Joined: 2009-10-27

Hoy wrote:

Where's the paradox?

Oops, sorry - here it is:
http://commons.wikimedia.org/wiki/File:The_pair_of_ducks.jpg

;D ;D ;D

But, seriously, I have no idea what is paradoxical about G. paradoxa.   ???

Lori
Calgary, Alberta, Canada - Zone 3
-30 C to +30 C (rarely!); elevation ~1130m; annual precipitation ~40 cm

Anne Spiegel
Title: Member
Joined: 2010-01-26

Hoy wrote:

Skulski wrote:

Join the club, Trond!   (Except any jungle, I trust, would be vastly more interesting than my yard, needless to say...  :()

... Which, nonetheless, brings up an interesting point... When one has the opportunity to visit more than one garden, it is worth putting some thought into the order of visits.  Satisfaction is maximized if each builds on the previous, with the finest saved for last!  Argue it if you wish, but the logic is irrefutable!  ;D

Some more blues... Gentiana paradoxa:

Where's the paradox?

I agree with you Lori, but if you are more than one person paying visits, then you can have more than one opinion! What one person  think is perfect, the other(s) not necessarily agree to.

Many thanks, Rick.

I fully support your message regarding hosting speakers. I have done so a few times myself.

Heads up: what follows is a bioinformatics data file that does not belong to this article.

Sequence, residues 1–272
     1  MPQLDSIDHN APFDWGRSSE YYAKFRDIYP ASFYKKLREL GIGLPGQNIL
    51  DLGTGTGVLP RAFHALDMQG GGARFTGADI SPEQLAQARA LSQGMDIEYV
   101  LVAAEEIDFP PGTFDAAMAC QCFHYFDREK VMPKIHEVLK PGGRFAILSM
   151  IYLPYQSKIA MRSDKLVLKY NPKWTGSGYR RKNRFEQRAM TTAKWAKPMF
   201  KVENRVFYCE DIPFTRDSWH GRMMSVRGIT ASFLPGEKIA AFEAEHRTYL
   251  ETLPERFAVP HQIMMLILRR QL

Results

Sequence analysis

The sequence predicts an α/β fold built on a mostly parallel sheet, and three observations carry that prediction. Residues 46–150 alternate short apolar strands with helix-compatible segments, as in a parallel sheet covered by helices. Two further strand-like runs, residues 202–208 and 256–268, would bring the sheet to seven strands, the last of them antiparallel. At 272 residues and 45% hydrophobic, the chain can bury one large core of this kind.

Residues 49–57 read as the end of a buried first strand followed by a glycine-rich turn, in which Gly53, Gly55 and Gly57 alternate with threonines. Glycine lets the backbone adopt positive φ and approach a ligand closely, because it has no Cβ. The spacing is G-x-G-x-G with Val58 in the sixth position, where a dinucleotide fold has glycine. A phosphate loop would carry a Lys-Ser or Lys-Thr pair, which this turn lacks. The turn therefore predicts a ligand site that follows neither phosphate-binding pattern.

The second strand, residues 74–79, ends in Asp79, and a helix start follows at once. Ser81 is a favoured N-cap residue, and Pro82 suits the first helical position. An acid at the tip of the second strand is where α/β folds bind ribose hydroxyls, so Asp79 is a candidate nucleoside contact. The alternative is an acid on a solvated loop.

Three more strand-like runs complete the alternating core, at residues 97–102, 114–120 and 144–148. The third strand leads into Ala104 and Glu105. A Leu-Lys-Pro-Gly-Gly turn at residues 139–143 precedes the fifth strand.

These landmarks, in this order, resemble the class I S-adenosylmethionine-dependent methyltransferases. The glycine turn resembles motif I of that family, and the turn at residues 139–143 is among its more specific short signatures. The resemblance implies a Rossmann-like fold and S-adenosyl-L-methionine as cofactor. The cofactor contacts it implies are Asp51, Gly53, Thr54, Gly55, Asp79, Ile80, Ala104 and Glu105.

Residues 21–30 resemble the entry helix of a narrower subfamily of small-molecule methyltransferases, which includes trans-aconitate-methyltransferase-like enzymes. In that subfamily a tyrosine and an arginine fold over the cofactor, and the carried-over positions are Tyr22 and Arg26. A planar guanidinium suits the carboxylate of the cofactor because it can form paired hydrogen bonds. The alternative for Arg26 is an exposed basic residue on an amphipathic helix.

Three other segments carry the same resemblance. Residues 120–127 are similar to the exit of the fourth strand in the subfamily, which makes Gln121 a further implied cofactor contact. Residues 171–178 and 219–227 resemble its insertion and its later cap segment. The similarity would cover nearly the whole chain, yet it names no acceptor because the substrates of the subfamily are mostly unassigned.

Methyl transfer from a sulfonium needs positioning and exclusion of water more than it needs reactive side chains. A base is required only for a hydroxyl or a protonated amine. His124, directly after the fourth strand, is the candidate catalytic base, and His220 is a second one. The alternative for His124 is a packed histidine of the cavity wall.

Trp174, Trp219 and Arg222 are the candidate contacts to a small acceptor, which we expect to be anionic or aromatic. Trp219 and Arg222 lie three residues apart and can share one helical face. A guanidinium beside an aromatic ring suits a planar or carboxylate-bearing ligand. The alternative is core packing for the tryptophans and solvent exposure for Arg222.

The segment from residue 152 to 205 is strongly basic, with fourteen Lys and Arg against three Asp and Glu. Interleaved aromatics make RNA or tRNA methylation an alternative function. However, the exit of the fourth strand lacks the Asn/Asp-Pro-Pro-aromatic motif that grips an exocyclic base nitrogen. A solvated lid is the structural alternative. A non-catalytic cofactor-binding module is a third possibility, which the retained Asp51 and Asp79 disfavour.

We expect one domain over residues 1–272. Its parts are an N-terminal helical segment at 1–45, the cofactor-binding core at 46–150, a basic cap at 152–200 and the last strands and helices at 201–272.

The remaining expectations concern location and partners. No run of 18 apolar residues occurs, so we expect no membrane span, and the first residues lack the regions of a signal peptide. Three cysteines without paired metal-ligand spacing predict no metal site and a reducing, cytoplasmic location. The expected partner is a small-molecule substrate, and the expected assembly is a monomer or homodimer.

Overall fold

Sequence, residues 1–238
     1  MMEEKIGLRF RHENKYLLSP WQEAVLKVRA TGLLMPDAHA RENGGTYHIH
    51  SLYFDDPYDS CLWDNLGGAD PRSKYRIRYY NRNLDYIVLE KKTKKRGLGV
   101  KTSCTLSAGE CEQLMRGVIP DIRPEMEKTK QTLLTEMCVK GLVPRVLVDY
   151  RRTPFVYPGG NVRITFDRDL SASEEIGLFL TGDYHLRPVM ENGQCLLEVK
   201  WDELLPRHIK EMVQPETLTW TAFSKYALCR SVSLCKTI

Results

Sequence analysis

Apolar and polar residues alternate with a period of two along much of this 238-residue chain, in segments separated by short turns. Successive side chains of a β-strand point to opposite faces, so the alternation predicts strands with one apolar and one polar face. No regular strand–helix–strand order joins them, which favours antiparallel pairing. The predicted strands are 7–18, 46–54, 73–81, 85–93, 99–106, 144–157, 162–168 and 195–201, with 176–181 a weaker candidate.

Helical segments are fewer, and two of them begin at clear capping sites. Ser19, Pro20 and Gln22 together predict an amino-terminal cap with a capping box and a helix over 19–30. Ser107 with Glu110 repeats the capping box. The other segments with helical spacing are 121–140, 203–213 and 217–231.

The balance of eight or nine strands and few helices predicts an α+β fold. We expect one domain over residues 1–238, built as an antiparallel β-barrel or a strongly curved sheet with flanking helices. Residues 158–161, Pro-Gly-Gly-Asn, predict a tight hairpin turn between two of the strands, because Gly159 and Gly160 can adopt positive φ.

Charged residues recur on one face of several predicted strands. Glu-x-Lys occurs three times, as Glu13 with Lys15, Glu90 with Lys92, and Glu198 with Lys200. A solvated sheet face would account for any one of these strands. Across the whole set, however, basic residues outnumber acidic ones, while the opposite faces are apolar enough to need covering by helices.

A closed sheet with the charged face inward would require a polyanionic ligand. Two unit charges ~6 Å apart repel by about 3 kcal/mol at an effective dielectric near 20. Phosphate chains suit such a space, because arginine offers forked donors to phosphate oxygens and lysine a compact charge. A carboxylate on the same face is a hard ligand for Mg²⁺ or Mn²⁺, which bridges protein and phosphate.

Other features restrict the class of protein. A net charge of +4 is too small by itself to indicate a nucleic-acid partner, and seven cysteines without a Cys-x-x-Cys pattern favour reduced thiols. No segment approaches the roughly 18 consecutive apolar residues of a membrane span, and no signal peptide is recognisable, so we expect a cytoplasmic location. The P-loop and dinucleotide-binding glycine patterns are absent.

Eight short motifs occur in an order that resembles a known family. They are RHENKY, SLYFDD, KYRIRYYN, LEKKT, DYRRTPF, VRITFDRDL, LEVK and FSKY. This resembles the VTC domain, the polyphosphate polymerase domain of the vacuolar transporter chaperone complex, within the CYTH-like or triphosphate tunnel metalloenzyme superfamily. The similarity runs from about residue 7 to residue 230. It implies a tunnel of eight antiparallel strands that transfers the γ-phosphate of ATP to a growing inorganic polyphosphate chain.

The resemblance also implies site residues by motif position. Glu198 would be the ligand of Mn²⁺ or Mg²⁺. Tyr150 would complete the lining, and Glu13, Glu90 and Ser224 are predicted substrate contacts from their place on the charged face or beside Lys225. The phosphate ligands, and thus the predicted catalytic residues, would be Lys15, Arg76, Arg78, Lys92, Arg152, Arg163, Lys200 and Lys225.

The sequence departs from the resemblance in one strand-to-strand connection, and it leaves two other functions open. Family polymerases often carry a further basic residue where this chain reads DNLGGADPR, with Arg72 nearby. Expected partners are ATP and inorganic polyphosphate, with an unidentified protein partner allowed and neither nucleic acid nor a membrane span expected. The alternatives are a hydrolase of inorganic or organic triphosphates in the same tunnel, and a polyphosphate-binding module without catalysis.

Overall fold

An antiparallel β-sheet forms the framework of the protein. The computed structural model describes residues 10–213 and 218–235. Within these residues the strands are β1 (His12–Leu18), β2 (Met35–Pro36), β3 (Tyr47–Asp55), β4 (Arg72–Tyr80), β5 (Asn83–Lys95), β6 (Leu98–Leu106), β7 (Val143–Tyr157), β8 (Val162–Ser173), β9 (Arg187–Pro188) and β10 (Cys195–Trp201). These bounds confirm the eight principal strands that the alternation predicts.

It's the same when it comes to garden visits. A lot of people think that their gardens don't qualify but they forget that most people have quite ordinary gardens and would enjoy looking at similar ones. It shines through if you tend your garden with care and love although you don't have the rarest plants.

/Somewhere I once read a well-known garden writer saying that any loved and well-tended garden is beautiful.  I tend to agree because people's perceptions are incredibly varied.  What's beautiful to one is boring to another etc... I might personally make an exception for garden gnomes but I know there are people who absolutely love them.

Booker
Booker's picture
Title: Member
Joined: 2010-01-30

Very pretty little Himalayan annual ...

GENTIANA SYRINGEA

Cliff Booker A.K.A. Ranunculus
On the moors in Lancashire, U.K.
Usually wet, often windy, sometimes cold ... and that's just me!